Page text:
I have seen many of my friends attempt to lose weight over the years, and some of the things that they will try are, well, let’s just say interesting. There are so many fad diets out there, along with a slew of gimmicks, but my question has always been, does acupuncture for weight loss really work? If so, how does it work? It is interesting to investigate.
I had a very good friend tell me he was going to try acupuncture for weight loss because he heard that it worked really well at suppressing your appetite. He said that the biggest problem he had was that he constantly felt hungry. He would exercise on a regular basis and he actually ate fairly nutritiously, but he ate too much and was consuming too many calories to sustain any type of significant weight loss.
He said he went through a number of sessions of acupuncture for weight loss and said he really did not feel any difference. He started to wonder if the person administering the acupuncture was doing so correctly or if he had just been taken for a lot of money. He continued to try it for a while, but when it became clear that it was not going to work for him, he took a different route.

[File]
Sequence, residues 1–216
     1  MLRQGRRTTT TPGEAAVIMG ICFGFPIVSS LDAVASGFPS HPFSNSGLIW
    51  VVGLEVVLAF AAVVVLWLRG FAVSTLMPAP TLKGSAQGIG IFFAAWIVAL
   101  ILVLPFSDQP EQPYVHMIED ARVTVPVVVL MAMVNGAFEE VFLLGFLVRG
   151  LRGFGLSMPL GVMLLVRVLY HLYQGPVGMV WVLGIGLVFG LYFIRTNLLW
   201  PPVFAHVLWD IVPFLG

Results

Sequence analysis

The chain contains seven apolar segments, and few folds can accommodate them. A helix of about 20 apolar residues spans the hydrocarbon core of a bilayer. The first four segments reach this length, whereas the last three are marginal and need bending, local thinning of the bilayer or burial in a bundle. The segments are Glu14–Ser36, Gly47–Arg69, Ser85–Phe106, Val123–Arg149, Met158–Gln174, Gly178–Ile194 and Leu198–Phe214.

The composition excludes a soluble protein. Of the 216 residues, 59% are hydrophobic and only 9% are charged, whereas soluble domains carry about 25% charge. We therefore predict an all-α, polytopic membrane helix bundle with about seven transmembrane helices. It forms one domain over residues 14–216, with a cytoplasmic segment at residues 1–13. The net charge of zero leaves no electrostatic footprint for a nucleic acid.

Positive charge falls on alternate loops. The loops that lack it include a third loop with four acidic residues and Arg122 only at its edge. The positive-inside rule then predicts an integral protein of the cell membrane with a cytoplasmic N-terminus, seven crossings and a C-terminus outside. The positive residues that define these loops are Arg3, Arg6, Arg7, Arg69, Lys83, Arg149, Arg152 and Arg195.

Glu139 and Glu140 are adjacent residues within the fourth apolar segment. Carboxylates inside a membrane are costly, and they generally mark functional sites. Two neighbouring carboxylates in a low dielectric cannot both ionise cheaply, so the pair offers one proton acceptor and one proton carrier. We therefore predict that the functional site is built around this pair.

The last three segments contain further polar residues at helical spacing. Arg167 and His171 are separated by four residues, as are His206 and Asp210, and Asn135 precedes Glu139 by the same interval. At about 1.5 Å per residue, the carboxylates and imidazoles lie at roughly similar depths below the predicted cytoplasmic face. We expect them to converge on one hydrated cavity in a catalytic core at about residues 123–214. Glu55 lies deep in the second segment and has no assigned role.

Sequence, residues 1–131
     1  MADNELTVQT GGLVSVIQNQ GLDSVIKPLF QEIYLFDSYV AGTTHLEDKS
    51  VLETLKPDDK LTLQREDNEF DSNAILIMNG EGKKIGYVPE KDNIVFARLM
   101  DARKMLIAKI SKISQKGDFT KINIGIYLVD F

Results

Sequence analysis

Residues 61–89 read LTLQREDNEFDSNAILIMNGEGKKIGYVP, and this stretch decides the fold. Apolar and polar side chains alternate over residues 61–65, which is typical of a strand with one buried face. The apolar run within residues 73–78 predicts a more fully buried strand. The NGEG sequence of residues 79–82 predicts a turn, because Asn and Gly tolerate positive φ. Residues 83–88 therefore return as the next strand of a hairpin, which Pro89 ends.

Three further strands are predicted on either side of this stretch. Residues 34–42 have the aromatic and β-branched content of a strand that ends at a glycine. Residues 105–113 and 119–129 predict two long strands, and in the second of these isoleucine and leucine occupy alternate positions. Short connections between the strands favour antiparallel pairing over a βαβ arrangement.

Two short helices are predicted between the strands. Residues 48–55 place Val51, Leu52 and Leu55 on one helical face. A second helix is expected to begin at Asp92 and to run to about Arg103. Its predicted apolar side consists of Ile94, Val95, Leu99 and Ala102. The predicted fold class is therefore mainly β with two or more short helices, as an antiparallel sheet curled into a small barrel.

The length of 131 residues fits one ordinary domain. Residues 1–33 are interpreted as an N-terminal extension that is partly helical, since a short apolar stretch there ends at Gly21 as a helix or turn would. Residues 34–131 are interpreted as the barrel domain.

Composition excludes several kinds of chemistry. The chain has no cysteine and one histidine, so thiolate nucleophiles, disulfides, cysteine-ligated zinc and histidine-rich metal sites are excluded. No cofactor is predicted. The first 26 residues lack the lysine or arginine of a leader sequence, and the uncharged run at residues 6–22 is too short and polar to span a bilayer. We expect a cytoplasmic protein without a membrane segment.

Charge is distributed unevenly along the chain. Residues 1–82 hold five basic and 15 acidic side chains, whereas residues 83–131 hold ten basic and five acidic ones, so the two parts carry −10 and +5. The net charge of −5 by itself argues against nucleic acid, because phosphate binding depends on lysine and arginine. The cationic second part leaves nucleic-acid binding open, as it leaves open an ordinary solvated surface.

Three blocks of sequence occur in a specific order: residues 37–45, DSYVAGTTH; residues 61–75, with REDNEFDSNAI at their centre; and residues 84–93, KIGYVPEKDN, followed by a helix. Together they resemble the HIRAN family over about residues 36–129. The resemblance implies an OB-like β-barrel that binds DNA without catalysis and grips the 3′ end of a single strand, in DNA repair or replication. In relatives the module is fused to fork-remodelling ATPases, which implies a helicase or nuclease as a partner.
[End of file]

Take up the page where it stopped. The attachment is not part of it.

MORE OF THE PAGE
On the other hand, I had an aunt who tried acupuncture for weight loss and said that it worked out quite well for her. She said that she felt like her appetite diminished quite a bit and she was more focused on her weight loss goals. She actually ended up dropping 40 pounds and credited it to the acupuncture. I was not convinced, because she was also dieting and exercising the whole time!
I began to wonder how acupuncture for weight loss actually worked. I also wondered if it worked, or if it was just a matter of belief. In other words, my aunt believed that it would work for her, while my friend was not sure. I do believe that such things can be psychosomatic, but I know that acupuncture has been suggested as a legitimate option by a number of people.
To be completely honest, I am not sure if acupuncture for weight loss works, and I don’t know that I ever will. It seems to me that it would be something that is rather difficult to quantify, because how would one actually measure it? Sure, one could use its success or lack thereof on one person and say that it is proof that it does or does not work, but it could be used on a different person with a completely different and opposite result. I guess the real answer to the question of whether or not it works is that it just depends on the person.
Photo by sushiphotos
Photo by sushiphotos